Pat Fitzpatrick
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Pat Fitzpatrick / Whimsical Pillow

Pat is a multi-media artisan, who designs and creates with fabric, paint and reed. Colorful, folk-art images and whimsical flights of fantasy are favorite themes. Pat continually seeks out new inspiration. Both practicality and a spirited use of color influence her designs. Growing up surrounded by her mom's sewing business, Pat naturally started putting her own colors together. Those colors flowed into acrylic paintings and then onto the wooden bases for her woven splint baskets and onto her pillows.
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Pat Littlefield/
Paper Pulp Collage


Pat grew up in the foothills of the Blue Ridge Mountains in South Carolina. She attended Florida State University where she studied music and art. After two years, she transferred to the University of South Carolina from which she graduated with a B.A. in Art, cum.laude, Phi Beta Kappa. While attending graduate school at East Carolina University she began to study weaving. This was the beginning of her interest in fiber. Fiber

In 1975, she turned her efforts entirely to her fiber work and developed a line of fantasy soft sculpture. Further study and experimenting led to papermaking. The result has been the intricate collage/constructions which reflect both her painting and fiber background.

Papermaking is an art that traces its roots to China. Any type of vegetable matter can be used to make paper. Pat's work is made primarily from abaca, a plant similar to the banana plant. The abaca is purchased as semi-processed linters. These are hydrated and beaten into a pulp. The pulp is dyed and placed into small containers. Each paper piece is formed by placing layers of the colored pulp over each other until the piece is finished. Flax is also used in the process. Twigs, reeds, tampico grass, muslin and other materials are sandwiched between the layers of pulp.

Most of the colors and compositions in the work are derived from observation of the immediate environment - mountains and sky, buttes and adobe architecture, flowers of the garden and field, forests in shadow and light. Pat's hope is that each piece gives a lifetime of pleasure and thought provoking observation.



Julia Berkley
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Julia Berkley / "Through the Gate"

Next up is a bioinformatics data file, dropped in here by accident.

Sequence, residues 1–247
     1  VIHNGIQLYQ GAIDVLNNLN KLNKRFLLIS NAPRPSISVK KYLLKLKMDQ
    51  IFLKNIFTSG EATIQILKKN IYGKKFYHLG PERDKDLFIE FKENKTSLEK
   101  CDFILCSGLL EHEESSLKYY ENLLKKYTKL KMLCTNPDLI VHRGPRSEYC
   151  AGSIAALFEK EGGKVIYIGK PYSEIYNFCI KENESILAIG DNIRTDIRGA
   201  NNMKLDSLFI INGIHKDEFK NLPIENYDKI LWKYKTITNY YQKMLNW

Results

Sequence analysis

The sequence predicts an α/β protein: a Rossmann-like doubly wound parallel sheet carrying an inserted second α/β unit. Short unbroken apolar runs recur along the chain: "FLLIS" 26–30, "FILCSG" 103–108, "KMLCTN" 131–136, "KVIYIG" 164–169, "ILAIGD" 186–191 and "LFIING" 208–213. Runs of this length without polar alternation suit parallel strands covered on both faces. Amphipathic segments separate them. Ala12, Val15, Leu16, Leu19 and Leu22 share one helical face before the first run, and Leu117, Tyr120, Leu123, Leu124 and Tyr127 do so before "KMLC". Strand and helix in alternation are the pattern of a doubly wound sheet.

Juliaís fabric collages are created out of her love of color, texture, and the rich possibilities fabric brings to design. In celebration of the beauty around us, she chooses forms that refer to nature, and plays with their shapes and colors until something new emerges. People donít generally expect to find textiles framed in glass Ė and while these works are untouchable, Julia enjoys how they highlight the painterly quality of fabric. Fabric collage allows surface decoration to inspire vision, and texture to define details. Julia hopes to make art that brings a rush of familiarity and pleasure at the same time to evoke something unexpected and unique in the viewerís mind.
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Barbara Willis/woven scarves

Barbara is a favorite local weaver. The inspiration for her one-of-a-kind pieces comes from art that excites her -- the impressionists or contemporary artists, or things that she sees in nature. She works with the "feel" of the art or image, sometimes dyeing her yarns and winding color after color on her warping mill, composing each warp, thread by thread. Somewhere in the process the luminous colors and textures take over, and the work comes to life.


Fiber
Barbara loves to see people wear and enjoy her work. She believes that one of our earliest experiences in life was finding warmth and comfort in soft cottons and blankets. She hopes that her work brings that feeling back for wearers of her work -- of being wrapped in something soft, colorful, and comforting.
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Glenn Johnson/Yarrow & Delphinia

"After painting and sculpting for several years, I started weaving in the seventies, creating mostly primitive off-loom three dimensional pieces, with names like Raku and Gizelle. It was all about the contrast and textures. Then I built a tapestry loom, for somebody else, but by the time I was finished, it was mine. Two floor looms later, I still like combining different disciplines. I have woven pieces that I have painted over, and I have stuffed and stretched and assembled woven components. I still paint and sculpt, but I love weaving. I love fiber and I love that it exists in 3D.
To produce the weaving that's shown, I started by painting the warp. Then I wove the piece and stretched it on a frame. To add the finishing touch I did crude embroidery over parts of it. I am very fortunate that I don't have to support myself with my artwork. And I don't have to produce a consistent collection of pieces to present to gallery directors or show producers. I have my own gallery. I can experiment all I want and I can chose to show anything I wish to share with my customers."
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